The warmer weather and spring migration this March have us all thinking of better days ahead. Unfortunately, it also has us thinking about flooding again this spring.
Two crops in one year may sound tempting, and for some crop species is possible, but before doing so, producers should consider possible crops and compare the potential benefits with the drawbacks.
Liver abscesses are a great example of an important value robber in feedlot cattle that’s not immediately apparent.
La primavera en el Medio Oeste siempre trae el riesgo de inundaciones, sea por la nieve que se derrite o por lluvia en exceso.
If you are experiencing a disaster, it is a local disaster. Your best chance for immediate help before, during, or after a disaster is local.
African Swine Fever and preparing for foreign animal disease outbreaks is at the forefront of people’s minds. Your state animal health officials offer guidance for participating in the Secure Pork Supply (SPS) Plan. Let’s take a closer look at the critical steps in developing a personalized SPS Plan for Continuity of Business.
As a challenging 2019 row crop planting season wraps up in South Dakota, many producers are looking to plant cover crops on unplanted acres. One popular cool-season grass cover crop is oats. Most oats in South Dakota are grown as certified varieties, and it is important to be aware of the legal ramifications behind purchasing oat seed for use as a cover crop.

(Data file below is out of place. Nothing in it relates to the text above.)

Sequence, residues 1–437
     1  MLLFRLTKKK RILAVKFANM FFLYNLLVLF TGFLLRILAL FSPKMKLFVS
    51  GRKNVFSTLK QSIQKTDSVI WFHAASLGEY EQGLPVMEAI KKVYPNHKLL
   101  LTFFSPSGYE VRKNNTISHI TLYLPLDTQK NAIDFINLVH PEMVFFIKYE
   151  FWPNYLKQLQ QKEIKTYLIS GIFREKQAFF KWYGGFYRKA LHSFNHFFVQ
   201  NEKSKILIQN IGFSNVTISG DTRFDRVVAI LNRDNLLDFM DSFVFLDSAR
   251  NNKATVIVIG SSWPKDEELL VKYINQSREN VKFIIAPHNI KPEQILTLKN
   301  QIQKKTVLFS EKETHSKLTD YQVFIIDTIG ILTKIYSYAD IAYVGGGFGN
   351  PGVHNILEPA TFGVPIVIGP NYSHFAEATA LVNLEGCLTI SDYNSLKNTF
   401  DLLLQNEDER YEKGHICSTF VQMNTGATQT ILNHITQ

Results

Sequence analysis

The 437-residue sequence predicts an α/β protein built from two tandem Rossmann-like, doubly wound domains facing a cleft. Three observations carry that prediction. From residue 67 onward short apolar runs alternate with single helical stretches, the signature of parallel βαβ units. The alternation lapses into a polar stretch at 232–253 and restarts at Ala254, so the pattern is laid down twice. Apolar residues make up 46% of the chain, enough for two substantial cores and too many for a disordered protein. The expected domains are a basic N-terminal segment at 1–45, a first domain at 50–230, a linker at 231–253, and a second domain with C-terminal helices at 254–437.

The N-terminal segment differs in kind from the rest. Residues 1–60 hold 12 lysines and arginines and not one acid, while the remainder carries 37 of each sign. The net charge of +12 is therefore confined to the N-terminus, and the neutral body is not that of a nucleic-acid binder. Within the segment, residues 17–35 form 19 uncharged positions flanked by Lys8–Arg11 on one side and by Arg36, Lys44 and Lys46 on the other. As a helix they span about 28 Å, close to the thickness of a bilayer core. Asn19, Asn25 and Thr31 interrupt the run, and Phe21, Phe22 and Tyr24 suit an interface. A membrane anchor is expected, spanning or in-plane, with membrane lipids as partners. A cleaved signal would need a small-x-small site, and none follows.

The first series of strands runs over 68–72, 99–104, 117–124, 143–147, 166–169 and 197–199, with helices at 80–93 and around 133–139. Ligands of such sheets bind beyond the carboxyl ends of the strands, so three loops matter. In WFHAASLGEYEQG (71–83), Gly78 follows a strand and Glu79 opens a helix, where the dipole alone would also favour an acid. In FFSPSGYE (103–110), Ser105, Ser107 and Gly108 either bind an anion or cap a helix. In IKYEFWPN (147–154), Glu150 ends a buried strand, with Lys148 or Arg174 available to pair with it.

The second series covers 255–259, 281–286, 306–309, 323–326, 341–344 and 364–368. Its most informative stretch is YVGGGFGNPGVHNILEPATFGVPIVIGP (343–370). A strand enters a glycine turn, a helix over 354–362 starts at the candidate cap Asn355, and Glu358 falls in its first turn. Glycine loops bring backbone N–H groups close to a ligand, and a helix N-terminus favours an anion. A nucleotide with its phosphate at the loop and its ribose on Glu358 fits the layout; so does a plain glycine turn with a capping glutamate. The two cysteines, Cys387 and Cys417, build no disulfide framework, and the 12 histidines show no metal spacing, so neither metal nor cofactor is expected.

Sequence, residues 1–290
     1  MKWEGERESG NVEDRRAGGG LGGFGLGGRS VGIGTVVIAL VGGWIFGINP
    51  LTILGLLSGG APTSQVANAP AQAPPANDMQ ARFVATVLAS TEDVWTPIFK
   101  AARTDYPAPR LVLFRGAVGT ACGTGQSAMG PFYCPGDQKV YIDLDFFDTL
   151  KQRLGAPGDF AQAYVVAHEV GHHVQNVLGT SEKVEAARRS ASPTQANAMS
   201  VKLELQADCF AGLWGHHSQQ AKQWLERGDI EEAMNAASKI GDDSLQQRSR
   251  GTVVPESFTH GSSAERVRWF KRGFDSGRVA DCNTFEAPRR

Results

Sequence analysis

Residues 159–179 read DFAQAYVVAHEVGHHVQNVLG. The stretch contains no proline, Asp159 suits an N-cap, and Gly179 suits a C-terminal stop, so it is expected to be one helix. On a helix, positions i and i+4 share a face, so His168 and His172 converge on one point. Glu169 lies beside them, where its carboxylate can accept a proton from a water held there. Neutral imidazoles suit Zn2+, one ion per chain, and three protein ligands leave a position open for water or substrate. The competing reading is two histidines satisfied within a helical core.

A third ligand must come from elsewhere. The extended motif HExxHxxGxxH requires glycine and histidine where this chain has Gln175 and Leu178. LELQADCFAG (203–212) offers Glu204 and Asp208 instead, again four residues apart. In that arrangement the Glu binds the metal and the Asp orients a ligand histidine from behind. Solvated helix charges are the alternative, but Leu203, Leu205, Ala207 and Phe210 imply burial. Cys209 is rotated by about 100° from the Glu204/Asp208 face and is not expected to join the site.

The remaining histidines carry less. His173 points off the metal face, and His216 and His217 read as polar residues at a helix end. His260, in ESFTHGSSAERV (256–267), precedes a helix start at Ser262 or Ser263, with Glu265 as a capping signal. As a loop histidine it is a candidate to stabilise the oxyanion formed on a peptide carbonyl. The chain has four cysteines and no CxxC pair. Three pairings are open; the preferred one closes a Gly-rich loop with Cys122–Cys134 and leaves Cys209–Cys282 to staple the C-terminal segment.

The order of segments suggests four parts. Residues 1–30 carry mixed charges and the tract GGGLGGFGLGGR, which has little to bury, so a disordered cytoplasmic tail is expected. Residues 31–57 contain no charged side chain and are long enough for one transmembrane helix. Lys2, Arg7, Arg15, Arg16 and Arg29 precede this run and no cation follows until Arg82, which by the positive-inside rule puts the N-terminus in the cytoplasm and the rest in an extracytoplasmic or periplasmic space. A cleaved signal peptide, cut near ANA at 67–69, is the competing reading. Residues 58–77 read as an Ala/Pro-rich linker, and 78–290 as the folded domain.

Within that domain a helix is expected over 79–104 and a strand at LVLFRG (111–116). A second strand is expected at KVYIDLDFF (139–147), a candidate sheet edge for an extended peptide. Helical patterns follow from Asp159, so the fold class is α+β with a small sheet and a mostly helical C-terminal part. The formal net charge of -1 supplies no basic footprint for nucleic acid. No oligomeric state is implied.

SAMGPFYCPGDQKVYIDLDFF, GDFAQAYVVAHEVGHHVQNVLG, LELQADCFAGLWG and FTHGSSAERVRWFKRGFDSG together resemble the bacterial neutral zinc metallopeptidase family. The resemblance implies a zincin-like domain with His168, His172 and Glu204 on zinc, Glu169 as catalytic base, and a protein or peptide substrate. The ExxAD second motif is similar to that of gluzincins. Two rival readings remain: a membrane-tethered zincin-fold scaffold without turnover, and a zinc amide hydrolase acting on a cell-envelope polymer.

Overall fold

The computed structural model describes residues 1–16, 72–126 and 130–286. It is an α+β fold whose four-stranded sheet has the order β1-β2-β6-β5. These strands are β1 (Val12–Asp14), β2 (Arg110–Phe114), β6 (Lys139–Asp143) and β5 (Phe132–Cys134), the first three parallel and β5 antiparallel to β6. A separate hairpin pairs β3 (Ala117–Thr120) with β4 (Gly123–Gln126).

The Livestock Indemnity Program (LIP) is designed to provide a payment to livestock owners or contract growers who experience excess livestock deaths due to adverse weather, including winter storms, floods, extreme cold and blizzards, eligible disease and eligible attacks.
The disruptions in the beef processing sector caused by COVID-19 continue to interfere with the orderly marketing of finished cattle. While we all hope that the situation is resolved quickly, the reality is that because the shipment of so many harvest-ready cattle has been delayed, there will be increased numbers of heavier cattle on feed for the foreseeable future.
Given the widespread wet conditions present this spring, there are many areas in winter wheat fields with both ponding and saturated (or waterlogged) soils. Producers may want to consider soil conditions and evaluate extended weather forecasts when deciding whether or not to retain a winter wheat this spring.